The Trailblazer: In Conversation with Franck Muller
The self-proclaimed “master of complications” might no longer spend time on the workbench, but his vision continues as he gives us a glimpse into the world of Franck Muller
The meteoric rise of Franck Muller is legendary within the circles of horology. He was a star student at l’École d’Horlogerie de Genève and, upon graduation, was tasked to restore the watches at the Patek Philippe Museum—a job he did so well that a number of brands came knocking at his door with job opportunities.
Muller, however, had other lofty plans. He was inspired by the shape of Patek Philippe’s Gondolo case, and thus was born the Cintrée Curvex and the Franck Muller brand. The impact of this decision resonated throughout the industry—this was the early 1980s, when the Swiss watchmaking industry was still reeling from the effects of the quartz crisis. He came in like a whirlwind and proved that there was still a very healthy appetite for mechanical watches. Many credit the man for the revival of haute horlogerie, and it wouldn’t be an understatement.
For many years, Franck Muller (the brand) consistently outdid itself with mechanical marvels, from the super complex Aeternitas Mega 4 that boasted 36 complications, to the smallest tourbillon, the largest tourbillon… you get the drift. Asked about his favorite complication to date, he always says that it is the Crazy Hours. He introduced the fun (but complicated) concept, where the hour hand jumps to the next numeral randomly ordered around the dial, more than 10 years ago, and it would become an absolute game changer in an industry that is often construed as staid.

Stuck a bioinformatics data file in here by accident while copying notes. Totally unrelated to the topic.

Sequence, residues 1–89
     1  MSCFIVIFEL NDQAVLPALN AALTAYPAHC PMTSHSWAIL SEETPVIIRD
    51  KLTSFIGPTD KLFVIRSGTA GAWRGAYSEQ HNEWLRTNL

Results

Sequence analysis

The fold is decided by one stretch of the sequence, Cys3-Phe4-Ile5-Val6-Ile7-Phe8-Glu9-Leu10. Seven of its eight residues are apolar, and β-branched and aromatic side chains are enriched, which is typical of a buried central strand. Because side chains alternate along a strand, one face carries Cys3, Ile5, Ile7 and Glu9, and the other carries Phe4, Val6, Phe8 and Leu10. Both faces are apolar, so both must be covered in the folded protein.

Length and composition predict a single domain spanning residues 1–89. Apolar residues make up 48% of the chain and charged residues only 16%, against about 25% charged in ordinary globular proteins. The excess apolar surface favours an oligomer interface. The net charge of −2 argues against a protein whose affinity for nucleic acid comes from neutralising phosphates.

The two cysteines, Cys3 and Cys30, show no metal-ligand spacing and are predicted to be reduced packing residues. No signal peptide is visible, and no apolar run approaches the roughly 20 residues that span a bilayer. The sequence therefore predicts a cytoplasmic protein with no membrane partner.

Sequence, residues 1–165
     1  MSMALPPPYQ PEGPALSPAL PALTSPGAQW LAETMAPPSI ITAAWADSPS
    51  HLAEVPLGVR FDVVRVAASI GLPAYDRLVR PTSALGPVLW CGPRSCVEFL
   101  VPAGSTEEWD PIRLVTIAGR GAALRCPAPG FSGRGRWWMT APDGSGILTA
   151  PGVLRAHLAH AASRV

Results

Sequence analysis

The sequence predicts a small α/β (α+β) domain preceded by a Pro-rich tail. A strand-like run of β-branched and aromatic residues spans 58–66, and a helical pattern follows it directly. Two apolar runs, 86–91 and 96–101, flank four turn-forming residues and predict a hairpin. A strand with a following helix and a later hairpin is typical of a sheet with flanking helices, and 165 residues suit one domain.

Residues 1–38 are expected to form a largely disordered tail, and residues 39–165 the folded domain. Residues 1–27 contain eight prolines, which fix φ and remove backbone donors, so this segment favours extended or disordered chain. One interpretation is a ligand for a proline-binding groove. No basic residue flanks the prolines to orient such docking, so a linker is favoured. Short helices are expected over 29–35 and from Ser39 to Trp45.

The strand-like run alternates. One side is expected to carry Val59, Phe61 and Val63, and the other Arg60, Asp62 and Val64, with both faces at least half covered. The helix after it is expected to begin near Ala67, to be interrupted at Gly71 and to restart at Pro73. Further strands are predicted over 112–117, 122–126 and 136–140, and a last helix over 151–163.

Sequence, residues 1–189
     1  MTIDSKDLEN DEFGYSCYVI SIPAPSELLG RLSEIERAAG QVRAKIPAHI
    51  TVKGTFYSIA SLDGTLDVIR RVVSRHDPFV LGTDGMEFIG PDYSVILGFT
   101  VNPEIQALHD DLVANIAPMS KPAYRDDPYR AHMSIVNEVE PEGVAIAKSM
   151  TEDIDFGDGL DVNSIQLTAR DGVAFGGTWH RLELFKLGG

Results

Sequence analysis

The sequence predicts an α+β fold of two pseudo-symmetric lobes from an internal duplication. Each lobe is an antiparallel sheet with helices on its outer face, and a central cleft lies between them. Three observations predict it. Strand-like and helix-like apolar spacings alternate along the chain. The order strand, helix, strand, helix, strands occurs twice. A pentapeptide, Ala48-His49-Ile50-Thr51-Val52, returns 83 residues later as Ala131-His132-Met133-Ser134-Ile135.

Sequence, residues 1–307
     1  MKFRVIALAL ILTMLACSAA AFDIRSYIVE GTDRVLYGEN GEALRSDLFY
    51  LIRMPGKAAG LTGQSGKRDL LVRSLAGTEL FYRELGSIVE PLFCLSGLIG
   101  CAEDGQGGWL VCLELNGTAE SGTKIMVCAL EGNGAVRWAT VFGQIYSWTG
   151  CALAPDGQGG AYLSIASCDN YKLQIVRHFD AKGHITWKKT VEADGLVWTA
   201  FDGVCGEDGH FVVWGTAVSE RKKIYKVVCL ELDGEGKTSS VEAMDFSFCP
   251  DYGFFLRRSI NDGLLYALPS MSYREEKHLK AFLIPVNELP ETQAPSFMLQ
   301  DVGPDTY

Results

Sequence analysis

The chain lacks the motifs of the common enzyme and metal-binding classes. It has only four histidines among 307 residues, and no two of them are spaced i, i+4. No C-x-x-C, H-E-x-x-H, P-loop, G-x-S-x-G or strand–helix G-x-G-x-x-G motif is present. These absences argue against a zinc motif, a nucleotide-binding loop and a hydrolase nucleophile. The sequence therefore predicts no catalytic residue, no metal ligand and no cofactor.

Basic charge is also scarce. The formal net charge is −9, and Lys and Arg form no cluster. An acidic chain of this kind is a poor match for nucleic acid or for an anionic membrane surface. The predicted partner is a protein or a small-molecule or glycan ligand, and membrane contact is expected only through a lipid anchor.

Following a public dispute with his partner and co-founder Vartan Sirmakes, Muller had left the brand for a while but is now back with a bang. Since then, we’ve seen a shift in the company ethos. What has emerged is a brand that has become larger than the watchmaker himself—from an esteemed horologer to a purveyor of luxury. Franck Muller has become both a respected brand in collector circles (a hard-to-please bunch) and simultaneously a must-have in the wardrobes of Birkin-toting fashionistas—a challenging line to straddle.
Today, Muller is thoroughly enjoying the fruits of his labor. Last year, the brand launched its first Franck Muller-branded yacht with the Italian Sea Group. “The yacht is a more lifestyle-friendly approach,” says Muller. “I have been yachting for many years now during the summer, and we have a lot of customers that like yachting. One of them suggested this project.”
In a similar vein, Franck Muller saw the opening of two fine-dining restaurants at its maison in Hong Kong, the result of its partnership with Sincere Fine Watches. There is no long-term plan to become a lifestyle brand, and Muller dismisses the claim. He simply states that the restaurants are a way to host friends and customers of the brand. After all, the best way to an Asian’s heart is through his stomach, right?